All this to say, I'm stretching myself as a writer. I want to find out if something I want to write is something that you want to read. Playing with new concepts, tweaking existing story lines and just going out to left field sometimes is what makes writing so appealing to me. Like all of life's adventures, I'll fail more times than I succeed. But that's OK. I'm trying.

Check out Gary's author page on Amazon HERE
Read the latest on his blog HERE
Follow him on Twitter @garyalanhenson

Thursday, January 3, 2013

Recent Reads: Scoundrel Woman Jump

I have no idea what the point of this book was... Not the amusing joyride I was expecting.  Maybe I missed something, but it just didn't work for me.

I am a die-hard Fforde fan.  This was okay, but it is not the strongest in the Thursday Next series.  Nonetheless, I'll keep reading the series when the next Next installment comes along.  There were a few fun moments and clever lines here.

Jonah Geller is a kick-ass sleuth!  I love Howard's writing - a great plot, terrific characters, and there are some fabulous lines that truly made me laugh out loud!  Delicious, meaty, stick-to-your-ribs, hard-boiled stew.

Wednesday, January 2, 2013

Guest blogger: Scott Whitmore and Broadening...

Today I'd like to welcome guest blogger Scott Whitmore.  Let's see what he has to say about reading and writing...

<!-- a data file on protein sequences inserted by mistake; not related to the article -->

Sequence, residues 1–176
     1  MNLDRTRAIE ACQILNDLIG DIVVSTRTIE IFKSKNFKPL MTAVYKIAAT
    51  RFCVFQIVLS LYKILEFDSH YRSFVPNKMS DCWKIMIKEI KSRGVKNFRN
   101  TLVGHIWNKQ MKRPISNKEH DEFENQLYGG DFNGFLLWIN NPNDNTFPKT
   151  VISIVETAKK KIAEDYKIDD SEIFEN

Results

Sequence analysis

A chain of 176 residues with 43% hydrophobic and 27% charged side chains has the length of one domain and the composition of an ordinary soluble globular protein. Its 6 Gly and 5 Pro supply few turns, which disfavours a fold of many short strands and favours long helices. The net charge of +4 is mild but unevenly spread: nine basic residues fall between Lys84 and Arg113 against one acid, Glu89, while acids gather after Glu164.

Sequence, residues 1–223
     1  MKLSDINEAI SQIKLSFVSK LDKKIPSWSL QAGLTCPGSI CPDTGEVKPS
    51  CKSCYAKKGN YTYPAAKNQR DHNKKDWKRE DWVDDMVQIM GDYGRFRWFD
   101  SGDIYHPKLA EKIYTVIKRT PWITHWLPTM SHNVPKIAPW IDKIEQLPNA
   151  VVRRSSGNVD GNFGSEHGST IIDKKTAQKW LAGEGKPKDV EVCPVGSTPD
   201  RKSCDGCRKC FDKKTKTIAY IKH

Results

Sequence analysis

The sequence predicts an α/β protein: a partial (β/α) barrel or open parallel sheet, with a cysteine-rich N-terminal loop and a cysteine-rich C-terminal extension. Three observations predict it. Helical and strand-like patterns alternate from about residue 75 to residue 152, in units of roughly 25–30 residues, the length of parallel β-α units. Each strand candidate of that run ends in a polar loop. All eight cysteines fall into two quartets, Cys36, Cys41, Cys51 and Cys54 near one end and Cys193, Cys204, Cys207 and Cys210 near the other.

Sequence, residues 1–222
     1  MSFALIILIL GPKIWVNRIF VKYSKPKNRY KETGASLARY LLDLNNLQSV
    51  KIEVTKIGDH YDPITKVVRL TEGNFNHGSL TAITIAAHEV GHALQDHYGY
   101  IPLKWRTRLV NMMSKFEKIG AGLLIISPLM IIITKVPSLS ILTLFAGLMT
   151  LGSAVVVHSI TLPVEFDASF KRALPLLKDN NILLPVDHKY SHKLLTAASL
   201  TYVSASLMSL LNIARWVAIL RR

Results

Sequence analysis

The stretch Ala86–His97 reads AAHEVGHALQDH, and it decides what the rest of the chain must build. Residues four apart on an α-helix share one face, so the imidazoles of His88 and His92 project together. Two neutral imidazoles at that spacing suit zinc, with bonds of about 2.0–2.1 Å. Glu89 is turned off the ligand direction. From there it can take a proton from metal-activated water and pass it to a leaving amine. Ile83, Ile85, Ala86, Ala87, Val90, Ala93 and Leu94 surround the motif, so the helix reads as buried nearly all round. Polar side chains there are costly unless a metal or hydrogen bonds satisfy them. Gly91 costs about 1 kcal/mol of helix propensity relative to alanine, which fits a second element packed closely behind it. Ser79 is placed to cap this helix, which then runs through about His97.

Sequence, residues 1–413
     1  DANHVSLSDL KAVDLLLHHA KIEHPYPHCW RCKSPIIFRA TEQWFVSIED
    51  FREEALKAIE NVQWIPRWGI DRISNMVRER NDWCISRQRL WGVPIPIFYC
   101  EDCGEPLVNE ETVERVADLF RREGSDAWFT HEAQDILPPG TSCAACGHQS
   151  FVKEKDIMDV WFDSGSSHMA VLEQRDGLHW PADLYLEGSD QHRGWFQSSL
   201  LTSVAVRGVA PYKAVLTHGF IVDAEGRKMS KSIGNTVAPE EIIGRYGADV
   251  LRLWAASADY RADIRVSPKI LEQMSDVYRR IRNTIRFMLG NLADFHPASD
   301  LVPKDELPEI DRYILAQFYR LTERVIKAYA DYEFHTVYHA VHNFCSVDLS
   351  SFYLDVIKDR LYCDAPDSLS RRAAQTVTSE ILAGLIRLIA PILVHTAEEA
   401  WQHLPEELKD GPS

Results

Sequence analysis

Broaden Your Writing by Reading More...

So far, I've written two Steampunk/paranormal/adventure novels, Carpathia and The Devil's Harvest, that feature — I hope readers would agree — the thrills and excitement of an Indiana Jones movie as the good guys and gals battle undead creatures like vampires and zombies.

While that's what I've written, on the other end of the page — so to speak — I enjoy reading from a wide variety of genres. A sampling of the best I read in 2012 include a sci-fi/horror story set on an isolated space station, a historical story about the Irish Republican Army and an urban fantasy with a magic user fighting against dark forces in — of all places — Rochester, New York.

Somewhere in the back of my mind I recall a quote from Stephen King in which he states that the two more important things every writer should do is read a lot and write a lot. No surprise, but I wholeheartedly agree: reading widely is a like a training program for writers to see how your peers handle plot points, develop characters, paint a word picture of a scene, etc. (It goes without saying, of course, that direct copying is wrong ... experience, learn, be influenced, but write your own words and stories).